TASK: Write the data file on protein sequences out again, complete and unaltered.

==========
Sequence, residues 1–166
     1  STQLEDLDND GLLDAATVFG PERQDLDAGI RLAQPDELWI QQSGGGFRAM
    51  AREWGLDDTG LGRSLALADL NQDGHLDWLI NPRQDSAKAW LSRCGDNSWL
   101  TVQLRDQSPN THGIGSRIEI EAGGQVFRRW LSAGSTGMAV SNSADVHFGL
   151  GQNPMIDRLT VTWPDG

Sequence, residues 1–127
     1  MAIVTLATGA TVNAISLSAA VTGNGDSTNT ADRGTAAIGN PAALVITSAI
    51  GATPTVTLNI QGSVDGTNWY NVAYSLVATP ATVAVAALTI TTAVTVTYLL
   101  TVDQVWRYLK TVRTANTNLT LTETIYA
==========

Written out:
Sequence, residues 1–166
     1  STQLEDLDND GLLDAATVFG PERQDLDAGI RLAQPDELWI QQSGGGFRAM
    51  AREWGLDDTG LGRSLALADL NQDGHLDWLI NPRQDSAKAW LSRCGDNSWL
   101  TVQLRDQSPN THGIGSRIEI EAGGQVFRRW LSAGSTGMAV SNSADVHFGL
   151  GQNPMIDRLT VTWPDG

Sequence, residues 1–127
     1  MAIVTLATGA TVNAISLSAA VTGNGDSTNT ADRGTAAIGN PAALVITSAI
    51  GATPTVTLNI QGSVDGTNWY NVAYSLVATP ATVAVAALTI TTAVTVTYLL
   101  TVDQVWRYLK TVRTANTNLT LTETIYA